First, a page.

The Future of Intellectual Property

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It’s interesting to speculate on the future of intellectual property. Will open source collaboration and peer-to-peer sharing lead to a world where information becomes a free resource? Or will patents and copyright restrictions continue to rule?

Two interesting stories this week provide contradictory insights. Computer Weekly reports that Eli Lilly, a leading US pharmaceutical company is putting research work out to open tender to enable its transformation to a networked organisation. In contrast, the Economist reports on the growth of patents in China and the opening of 50 courts to deal solely with intellectual property cases.

As with many things in life, there are contradictory trends. On the one hand we have the growing power and knowledge sharing and collaboration to develop valuable new intellectual property. And on the other there is the need to protect the increasing value of intellectual assets which are becoming more significant in an information-driven age.

One thing is clear though. Copyright restrictions have been growing throughout the last century, ever since Walt Disney made a fortune out of ideas lifted freely from the Brothers Grimm.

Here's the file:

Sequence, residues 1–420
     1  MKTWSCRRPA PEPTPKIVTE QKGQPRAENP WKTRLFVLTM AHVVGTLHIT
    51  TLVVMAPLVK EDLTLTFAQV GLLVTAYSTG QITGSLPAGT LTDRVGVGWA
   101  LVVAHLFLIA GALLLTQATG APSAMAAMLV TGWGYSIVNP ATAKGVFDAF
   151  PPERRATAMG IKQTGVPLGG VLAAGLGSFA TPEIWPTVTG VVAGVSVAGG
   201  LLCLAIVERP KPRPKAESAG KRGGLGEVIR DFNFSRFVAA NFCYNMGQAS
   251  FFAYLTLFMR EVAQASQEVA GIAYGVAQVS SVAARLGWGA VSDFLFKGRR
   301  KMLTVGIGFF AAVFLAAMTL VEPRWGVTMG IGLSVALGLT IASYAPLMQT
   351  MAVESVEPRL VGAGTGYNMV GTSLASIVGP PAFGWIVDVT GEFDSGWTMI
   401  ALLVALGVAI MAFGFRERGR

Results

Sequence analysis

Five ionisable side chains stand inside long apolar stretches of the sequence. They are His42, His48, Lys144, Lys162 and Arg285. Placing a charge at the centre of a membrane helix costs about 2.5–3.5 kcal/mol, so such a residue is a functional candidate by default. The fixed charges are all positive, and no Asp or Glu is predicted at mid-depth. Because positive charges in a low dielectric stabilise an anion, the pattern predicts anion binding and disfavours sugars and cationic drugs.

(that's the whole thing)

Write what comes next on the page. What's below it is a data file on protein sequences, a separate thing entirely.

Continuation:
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Here's our response;

the electrohippies -- communiqué 20090409 -- no embargo

the electrohippies call on people around the globe to celebrate World
Intellectual Privateers Day 2009

A call to action against the inclosure of human society's creativity by
"intellectual privateering rights"

Produced by the Free Range electrohippies Project, 9th April 2009.

Today the electrohippies are calling upon people around the globe to celebrate
World Intellectual Privateers Day on April 26th 2009. In a concerted action
across the Internet, we call upon people to select a piece of information or
other creative work which should be in the public domain, but which is chained
by the rules of intellectual privateering rights (IPRs), and to re-appropriate
it for the people of the world to share in common by publishing it as widely
as possible on-line.

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This page contains a single entry by David Lacey published on December 11, 2011 12:39 PM.

Communicating information quickly and efficiently was the previous entry in this blog.

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